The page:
Laparoscopy and General Surgery

September 21, 2006
Douglas E. Ott, MD, MPA
Douglas E. Ott, MD, MPA

,
Larry Demco, MD
Larry Demco, MD

OBGYN.net Conference CoverageFrom the 4th Annual World Symposium of New Techniques of Diagnostic Laparoscopy sponsored by the Society of Laparoscopic SurgeonsMiami, Florida - February, 2000

Dr. Larry Demco: "I’m at the Society of Laparoendoscopic Surgeons 4th Symposium on Diagnostic and New Techniques in Laparoscopy, and I’d like to now interview Dr. Peter Geis. Peter Geis is one of the pioneers in the surgical field as a general surgeon in laparoscopy, and he’s from Baltimore, Maryland. Peter, in the field of general surgery, what advances do you see for the female patient with regard to the new laparoscopic approach in women’s healthcare?"

Dr. Peter Geis: "I think that it’s very clear, Larry, that many patients, both male and female, live with a certain amount of abdominal pain, often following inflammatory disease processes, trauma, prior operative procedures, or a combination of those. The things that are important, number one, is that we physicians, surgeons, and gynecologists start recognizing that there are solutions to these pains that people have lived with and just assumed there was no solution. Number two, we now have the technology to enter the abdominal cavity, the upper abdomen and the pelvis. Collaboratively, general surgeons and gynecologists can now do this in order to assess and diagnose the pain, as well as the cause of the pain, so that we can find a solution.

The ability to use less traumatic and less physically insulting instrumentation on a patient who’s awake in the operating room allows us to have the patient actually participate, as you know better than most because you’ve been key in the development of this field. My opinion is that we will find a very succinct combination of events that will involve participation of the patient in an awake state. This will help us solve many problems, sometimes collaboratively, between gynecologists and general surgeons because the diseases often overlap, sometimes by the gynecologists, and sometimes by the general surgeons. But the main thing that is allowing this to happen is not only the technology, but the interaction that’s occurring between specialties these days."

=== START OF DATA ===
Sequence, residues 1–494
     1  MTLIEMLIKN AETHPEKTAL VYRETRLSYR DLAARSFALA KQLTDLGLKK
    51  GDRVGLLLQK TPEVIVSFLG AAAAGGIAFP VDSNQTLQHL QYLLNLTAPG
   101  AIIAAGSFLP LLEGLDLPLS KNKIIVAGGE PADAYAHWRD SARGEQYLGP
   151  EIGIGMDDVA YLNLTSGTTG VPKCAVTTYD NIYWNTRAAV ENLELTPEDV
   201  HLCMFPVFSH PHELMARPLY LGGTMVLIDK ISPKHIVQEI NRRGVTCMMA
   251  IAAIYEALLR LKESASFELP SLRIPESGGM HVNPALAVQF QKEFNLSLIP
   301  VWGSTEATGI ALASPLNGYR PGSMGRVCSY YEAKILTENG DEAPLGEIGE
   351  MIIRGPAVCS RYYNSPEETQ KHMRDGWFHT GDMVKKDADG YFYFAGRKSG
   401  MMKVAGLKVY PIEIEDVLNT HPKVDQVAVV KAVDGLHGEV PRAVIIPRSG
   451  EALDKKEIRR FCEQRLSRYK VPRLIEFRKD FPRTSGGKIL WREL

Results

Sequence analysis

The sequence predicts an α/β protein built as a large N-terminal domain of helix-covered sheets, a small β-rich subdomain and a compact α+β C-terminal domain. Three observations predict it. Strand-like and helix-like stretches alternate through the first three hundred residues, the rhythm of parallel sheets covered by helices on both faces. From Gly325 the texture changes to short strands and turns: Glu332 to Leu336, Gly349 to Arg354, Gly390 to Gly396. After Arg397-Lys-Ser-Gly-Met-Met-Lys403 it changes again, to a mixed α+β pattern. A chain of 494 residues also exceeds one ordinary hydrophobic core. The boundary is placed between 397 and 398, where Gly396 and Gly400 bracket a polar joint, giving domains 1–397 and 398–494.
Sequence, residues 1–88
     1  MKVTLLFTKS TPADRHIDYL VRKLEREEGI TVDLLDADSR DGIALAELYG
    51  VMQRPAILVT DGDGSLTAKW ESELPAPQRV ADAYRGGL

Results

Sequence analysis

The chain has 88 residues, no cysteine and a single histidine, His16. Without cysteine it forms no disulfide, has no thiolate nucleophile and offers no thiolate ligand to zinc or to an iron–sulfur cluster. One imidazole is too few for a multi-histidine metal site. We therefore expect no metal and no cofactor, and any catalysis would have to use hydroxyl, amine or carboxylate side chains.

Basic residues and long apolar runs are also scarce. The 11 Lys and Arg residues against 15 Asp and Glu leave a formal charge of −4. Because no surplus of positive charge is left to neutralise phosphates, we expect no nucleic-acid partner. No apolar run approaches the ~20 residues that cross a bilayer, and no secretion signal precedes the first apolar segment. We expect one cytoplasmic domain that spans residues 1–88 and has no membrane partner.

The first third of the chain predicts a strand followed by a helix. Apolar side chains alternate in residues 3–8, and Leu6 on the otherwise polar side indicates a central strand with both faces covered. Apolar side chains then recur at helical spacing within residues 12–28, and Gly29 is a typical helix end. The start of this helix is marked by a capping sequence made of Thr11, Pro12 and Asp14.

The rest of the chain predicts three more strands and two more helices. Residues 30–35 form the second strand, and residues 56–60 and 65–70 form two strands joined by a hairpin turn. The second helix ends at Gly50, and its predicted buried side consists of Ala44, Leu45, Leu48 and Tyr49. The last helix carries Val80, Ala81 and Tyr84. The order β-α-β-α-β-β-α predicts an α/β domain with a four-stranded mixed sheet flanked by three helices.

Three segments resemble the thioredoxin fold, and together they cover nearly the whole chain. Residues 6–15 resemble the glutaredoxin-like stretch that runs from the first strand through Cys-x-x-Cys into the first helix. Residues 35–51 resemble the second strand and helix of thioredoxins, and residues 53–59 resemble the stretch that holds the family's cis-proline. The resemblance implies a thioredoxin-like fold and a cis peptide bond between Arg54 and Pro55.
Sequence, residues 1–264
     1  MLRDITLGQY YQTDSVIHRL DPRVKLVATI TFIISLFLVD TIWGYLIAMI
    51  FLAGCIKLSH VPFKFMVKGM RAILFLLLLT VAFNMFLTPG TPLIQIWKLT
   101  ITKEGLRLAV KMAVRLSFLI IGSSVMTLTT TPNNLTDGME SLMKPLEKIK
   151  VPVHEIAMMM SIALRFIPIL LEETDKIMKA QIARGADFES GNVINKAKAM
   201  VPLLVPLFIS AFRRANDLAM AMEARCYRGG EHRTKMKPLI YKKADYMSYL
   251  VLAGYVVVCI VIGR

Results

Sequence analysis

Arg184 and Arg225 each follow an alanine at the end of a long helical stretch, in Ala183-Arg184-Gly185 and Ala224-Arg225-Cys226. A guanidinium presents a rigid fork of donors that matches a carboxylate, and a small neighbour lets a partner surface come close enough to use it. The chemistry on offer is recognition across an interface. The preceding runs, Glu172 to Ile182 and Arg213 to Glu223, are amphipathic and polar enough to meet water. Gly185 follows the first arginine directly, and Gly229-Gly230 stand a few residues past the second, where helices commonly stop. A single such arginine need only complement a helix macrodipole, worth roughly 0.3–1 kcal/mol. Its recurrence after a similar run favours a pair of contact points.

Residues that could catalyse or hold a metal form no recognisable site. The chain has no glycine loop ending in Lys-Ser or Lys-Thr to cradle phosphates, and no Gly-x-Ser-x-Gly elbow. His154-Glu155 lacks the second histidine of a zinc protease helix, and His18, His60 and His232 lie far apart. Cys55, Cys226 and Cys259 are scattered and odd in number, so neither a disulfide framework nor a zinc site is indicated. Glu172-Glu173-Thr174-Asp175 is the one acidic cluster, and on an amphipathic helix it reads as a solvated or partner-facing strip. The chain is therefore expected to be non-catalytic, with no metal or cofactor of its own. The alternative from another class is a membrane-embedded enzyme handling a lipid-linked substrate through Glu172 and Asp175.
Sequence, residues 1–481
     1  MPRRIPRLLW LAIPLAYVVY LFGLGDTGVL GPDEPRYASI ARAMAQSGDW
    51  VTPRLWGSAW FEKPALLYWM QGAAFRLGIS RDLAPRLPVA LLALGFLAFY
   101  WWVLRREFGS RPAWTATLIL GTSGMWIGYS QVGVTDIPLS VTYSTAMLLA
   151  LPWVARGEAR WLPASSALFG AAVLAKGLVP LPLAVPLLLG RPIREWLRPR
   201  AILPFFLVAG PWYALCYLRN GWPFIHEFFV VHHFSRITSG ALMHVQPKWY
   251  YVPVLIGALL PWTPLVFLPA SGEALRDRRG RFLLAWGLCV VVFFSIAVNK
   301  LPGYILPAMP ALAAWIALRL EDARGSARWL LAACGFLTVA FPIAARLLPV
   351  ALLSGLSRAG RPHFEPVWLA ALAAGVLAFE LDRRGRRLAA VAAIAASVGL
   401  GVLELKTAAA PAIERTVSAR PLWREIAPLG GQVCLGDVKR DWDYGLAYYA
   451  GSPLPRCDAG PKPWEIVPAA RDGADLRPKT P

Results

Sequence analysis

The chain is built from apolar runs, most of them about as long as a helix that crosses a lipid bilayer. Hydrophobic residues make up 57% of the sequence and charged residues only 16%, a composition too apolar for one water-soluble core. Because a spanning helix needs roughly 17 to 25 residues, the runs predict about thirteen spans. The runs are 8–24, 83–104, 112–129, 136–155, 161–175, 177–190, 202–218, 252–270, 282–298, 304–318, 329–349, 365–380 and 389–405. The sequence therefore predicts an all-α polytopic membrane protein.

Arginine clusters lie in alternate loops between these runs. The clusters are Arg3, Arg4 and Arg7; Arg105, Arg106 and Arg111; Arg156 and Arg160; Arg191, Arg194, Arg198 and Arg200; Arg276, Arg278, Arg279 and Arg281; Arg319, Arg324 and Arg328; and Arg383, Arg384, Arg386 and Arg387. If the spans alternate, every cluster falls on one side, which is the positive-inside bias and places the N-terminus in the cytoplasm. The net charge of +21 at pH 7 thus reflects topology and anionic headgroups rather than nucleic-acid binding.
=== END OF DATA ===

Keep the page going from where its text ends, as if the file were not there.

Dr. Larry Demco: "One of the common complaints as a source of pain is adhesions, and it’s always been a struggle for both patients and surgeons. Can you give us a little background on what the general approach to adhesions is? My next question is about the new developments in adhesion diagnosis and treatment."

Dr. Peter Geis: "Certainly. I think that it’s clear to the surgical community that more than any other specialists, gynecologists over the last forty years or so have always been more attentive to the possibility that adhesions may cause significant pain for patients. General surgeons and colon-rectal surgeons have historically been under the impression that adhesions don’t cause pain unless they cause the bowel to twist, for example. That’s usually associated with a partial small bowel obstruction or a complete small bowel obstruction, or some process involving ischemia because of the twisting of the tissue. Those events are usually serious, abrupt, catastrophic, and require surgery immediately.

For the most part, I think the last decade has allowed general surgeons, colon-rectal surgeons, and others who enter the abdomen to catch up and accept the possibility that pain can not only be significant and imposing on one's lifestyle, but can also be chronic and be caused by adhesions. That's the first step in our understanding, which we have learned from obstetricians and gynecologists. The second step is that we now can do something about the adhesions. Historically, many of us would operate on a patient if we saw dense adhesions that seemed to twist the bowel because we would think that might be the cause of the problem. But if we saw filmy adhesions or adhesions that didn’t seem to twist any of the organs in the abdomen, we would generally think they were non-contributory and not important."

Dr. Larry Demco: "Thank you, Dr. Geis."